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### Course: Calculus 1>Unit 3

Lesson 8: Differentiation using multiple rules

# Applying the chain rule and product rule

Example showing multiple strategies for taking a derivative that involves both the product rule and the chain rule.

## Want to join the conversation?

• After squaring (x^2*sin(x)), wouldn't you have to distribute the 3 before distributing into the other function?
• Distribute the 3 into what is then x^4sin^2(x)? if that is what you are referring to, you don't need to distribute since it's all multiplication.
• Isn't it would be much more simple if the derivative is taken w.r.t (x^2 sin x)?
• That's basically the chain rule. In the end you want the derivative with respect to x, which is why you use d/dx The chain rule is the outside function with respect to the inside function times the inside function with respect to x, ot the next inner function if it was more than just one function inside of another.
• how do you solve for dy/dx or is it the same??
• It's the same. In this video he uses (x^2sin(x))^3 to represent y. Since y is a function of x you can just replace y with its function form where it has x.

so if y=x^2 dy/dx can be rewritten as d(x^2)/dx or d/dx (x^2)
• what should i do in this case f(x)=sin3x^2(5x3-1)^1/3?
• That depends on what you are taking the sine of. If you are taking the sine of the whole expression, use the chain rule, than the product rule. Otherwise, start with the product rule.
• If d/dx[h(x)] = cos³(x) -3xcos²(x)sin(x), would it be proper to simplify with the following steps:
1. divide all three terms by cos²(x), leaving:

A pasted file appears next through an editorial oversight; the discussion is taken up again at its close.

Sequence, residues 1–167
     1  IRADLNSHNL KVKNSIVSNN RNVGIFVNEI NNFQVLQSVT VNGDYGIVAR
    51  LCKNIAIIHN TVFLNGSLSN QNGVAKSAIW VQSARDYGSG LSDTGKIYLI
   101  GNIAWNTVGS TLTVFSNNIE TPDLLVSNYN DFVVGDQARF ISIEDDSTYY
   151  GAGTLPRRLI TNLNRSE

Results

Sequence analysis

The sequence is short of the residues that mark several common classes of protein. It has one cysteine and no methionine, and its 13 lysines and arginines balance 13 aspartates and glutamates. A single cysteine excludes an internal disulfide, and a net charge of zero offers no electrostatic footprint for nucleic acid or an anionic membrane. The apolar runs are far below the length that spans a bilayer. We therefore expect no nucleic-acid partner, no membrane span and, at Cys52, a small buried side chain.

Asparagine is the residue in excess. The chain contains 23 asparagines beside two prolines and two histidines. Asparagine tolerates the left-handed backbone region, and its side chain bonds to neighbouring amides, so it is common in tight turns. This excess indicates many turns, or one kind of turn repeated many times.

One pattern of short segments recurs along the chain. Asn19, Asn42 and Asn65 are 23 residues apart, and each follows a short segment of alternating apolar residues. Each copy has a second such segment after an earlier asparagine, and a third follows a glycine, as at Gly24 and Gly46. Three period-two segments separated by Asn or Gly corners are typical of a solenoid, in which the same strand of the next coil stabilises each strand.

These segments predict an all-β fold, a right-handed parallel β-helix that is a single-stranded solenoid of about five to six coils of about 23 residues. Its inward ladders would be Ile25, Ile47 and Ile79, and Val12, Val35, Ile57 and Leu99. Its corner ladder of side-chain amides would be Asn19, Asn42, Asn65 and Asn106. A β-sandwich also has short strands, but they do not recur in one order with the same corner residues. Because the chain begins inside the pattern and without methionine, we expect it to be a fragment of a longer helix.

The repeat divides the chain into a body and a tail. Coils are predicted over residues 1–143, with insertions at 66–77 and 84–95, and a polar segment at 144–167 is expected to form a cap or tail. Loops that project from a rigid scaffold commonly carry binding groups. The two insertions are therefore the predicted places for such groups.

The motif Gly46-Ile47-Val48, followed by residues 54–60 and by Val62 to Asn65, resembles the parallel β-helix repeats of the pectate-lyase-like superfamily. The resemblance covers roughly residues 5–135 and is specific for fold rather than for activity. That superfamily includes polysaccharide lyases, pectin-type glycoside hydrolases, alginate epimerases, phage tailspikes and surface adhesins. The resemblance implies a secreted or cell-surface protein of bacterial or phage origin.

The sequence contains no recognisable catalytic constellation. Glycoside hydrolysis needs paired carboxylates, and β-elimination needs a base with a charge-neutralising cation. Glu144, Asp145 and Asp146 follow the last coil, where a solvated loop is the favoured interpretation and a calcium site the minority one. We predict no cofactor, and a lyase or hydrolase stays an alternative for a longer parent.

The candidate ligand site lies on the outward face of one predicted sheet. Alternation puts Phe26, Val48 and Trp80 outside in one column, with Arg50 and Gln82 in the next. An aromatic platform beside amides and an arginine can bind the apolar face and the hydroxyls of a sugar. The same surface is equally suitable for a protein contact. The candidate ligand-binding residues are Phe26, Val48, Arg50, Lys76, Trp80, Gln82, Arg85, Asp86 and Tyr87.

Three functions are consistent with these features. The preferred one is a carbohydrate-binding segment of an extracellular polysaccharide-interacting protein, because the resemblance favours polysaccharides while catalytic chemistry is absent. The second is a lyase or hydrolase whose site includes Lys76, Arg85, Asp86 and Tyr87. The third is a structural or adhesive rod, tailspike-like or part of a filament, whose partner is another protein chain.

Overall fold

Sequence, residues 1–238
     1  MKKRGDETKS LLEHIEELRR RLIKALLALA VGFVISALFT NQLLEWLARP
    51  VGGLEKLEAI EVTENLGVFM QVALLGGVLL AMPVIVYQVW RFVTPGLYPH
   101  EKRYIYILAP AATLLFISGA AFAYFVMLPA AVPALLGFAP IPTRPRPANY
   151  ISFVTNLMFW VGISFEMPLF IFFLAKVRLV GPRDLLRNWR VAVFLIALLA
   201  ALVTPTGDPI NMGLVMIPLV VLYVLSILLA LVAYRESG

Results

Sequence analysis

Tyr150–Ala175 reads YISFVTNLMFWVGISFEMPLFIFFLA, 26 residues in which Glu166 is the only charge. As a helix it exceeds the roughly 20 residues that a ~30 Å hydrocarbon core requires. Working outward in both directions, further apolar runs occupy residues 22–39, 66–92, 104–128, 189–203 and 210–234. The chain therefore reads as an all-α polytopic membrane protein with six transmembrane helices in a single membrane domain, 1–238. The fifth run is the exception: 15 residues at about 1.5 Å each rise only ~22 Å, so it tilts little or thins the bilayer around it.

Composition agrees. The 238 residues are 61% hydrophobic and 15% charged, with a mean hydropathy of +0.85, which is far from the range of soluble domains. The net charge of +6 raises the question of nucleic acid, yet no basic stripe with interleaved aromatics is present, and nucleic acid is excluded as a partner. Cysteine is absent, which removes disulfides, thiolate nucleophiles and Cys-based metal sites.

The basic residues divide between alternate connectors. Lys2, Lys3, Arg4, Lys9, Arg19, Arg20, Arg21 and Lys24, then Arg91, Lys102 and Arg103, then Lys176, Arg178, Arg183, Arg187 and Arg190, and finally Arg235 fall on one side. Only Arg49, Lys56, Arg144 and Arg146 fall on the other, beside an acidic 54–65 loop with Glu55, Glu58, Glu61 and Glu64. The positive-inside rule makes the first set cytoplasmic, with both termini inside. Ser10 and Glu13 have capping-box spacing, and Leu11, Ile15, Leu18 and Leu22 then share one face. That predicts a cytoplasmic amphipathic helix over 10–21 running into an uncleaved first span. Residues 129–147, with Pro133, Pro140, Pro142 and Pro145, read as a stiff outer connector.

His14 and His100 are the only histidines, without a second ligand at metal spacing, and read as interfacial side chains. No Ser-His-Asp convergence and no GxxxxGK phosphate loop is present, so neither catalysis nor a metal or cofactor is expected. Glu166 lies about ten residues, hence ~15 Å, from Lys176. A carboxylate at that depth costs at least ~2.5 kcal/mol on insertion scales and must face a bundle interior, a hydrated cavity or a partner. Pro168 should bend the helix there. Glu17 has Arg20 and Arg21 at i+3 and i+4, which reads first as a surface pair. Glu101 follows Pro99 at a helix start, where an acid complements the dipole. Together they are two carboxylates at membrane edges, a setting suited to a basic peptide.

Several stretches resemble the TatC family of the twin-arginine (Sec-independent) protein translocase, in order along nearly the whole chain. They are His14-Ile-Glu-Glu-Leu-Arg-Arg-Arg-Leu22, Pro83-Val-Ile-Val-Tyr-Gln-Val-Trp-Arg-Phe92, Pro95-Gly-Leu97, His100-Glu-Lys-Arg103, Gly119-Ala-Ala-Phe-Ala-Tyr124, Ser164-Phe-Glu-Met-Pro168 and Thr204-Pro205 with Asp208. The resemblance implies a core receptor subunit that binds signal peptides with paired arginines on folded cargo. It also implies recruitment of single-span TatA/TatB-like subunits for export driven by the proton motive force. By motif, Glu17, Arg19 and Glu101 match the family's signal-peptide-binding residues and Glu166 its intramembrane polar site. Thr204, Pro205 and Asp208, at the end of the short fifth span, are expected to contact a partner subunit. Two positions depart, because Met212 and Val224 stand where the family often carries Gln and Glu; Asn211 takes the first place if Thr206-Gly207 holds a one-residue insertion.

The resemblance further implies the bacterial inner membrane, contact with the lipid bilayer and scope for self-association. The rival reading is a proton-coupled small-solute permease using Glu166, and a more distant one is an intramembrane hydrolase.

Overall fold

cos(x) - 3xsin(x)/cos²(x)
2. Multiply the two remaining terms by cos²(x), leaving:
cos²(x)(cos(x)) - 3xsin(x)
• A question on a question: How on earth does the derivative of y=6x^3*(x^(1/2))*csc(x) get factored the way Sal has it= 3x^(5/2)(7-2xcot(x))csc(x)? It would be helpful if the hints didn't glaze over the most difficult part of the problem (the 500 factoring steps he goes through to give an answer).
(1 vote)
• Part 1 explanation:
1. He uses the product rule to put it into proper form and solves
2. Note that for #1 the first block he solves for the regular derivative. Then for block two, d/dx he had to use the product rule to expand it. (indicated by red font in the parenthesis)
3. Then he combines then using distribution.

Part 2 explanation:
1. Product rule
2. After solving for product rule he then applies the chain rule with the terms that haven't been differentiated yet that need to be reduced based off of the past lessons we have been learning.
3. After solving the chain rule and combining the solved portions you can see they resemble each other.

Note: There are many approaches you can use to solve these problems and this video provides examples of the multiple approaches one can think about to solve these equations.